DALLAS (CBSDFW.COM) – Researchers this week discovered that the hammerhead flatworm, an invasive species threatening our environment, isn’t just present in North Texas, but widespread here.
The Texas Invasive Species Institute at Sam Houston State University is crediting a viral Facebook post for prompting people to report sightings of the worm.
“After the post that shared last week, I’m 100 percent certain they are well established in the north Texas area,” said Ashley Morgan-Olvera, the institute’s director.
Debbie Meyers-Shock whose Facebook post shared more than 72,000 times says she copied the information from a post on Nextdoor. Sheryl May, who originally wrote the warning to her neighbors on Nextdoor was surprised to learn how widespread her message travelled.
“To be honest I knew nothing about the Southeast Asian Hammerhead Flatworm. I just knew it was strange looking when I found it and picked it up,” she said.
She took videos of the worm she’d discovered in her backyard in Far North Dallas and reached out to Morgan-Olvera to learn more.
Knowing she had a lot of gardeners in her neighborhood, she posted what she’d learned on Nextdoor, encouraging others to notify Morgan-Olvera if they saw one.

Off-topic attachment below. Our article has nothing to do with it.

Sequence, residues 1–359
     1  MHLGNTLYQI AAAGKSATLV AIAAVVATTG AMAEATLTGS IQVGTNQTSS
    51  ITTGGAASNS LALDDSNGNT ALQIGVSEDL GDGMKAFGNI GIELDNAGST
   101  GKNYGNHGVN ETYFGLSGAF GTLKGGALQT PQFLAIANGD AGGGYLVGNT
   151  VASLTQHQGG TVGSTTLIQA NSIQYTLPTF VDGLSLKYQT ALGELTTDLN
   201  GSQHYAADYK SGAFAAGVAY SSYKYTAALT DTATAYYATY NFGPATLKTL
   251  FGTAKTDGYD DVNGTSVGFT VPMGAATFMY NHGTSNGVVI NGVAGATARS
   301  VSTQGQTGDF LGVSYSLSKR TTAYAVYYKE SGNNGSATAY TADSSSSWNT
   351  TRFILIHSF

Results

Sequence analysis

Suddenly reports began flooding in from people who were spotting the distinct-looking footlong worm with a flat half moon head.
She’d received about 20 reports of the worm in North Texas before this week when reports started flooding in.
“Easily 300 reports since that post and they’re still coming in,” she said.
The worms are originally from Southeast Asia, but have spread across the globe.
“Their main diet is earthworms, so that’s why they’re such a big threat,” explained Morgan-Olvera. “If you remove earthworms from our environment, our plants can’t break down soil like that so then everything will start to get choked off.”
The worms excrete a chemical as a defense mechanism that can irritate your skin if you touch it with your bare hands. It’s bad for your pets, too.
“We really don’t want your animals to eat them,” said Morgan-Olvera. “Because they’ll make the animal throw it back up and it can leave the animal feeling sick afterwards.”
If you see one of the worms, she suggests using a stick or paper towel to pick it up. You can toss it into a plastic bag filled with salt, seal it tightly, and then throw it in the trash.
“Don’t… don’t cut it up. They will regrow,” said Morgan-Olvera.
Each piece she warns can become a new worm.
“I have gotten some reports where people say ‘I cut the head off’ and I’ll say ‘alright. Thank you, but please go find the rest of the animal because that headless segment is going to grow a new head’,” she said.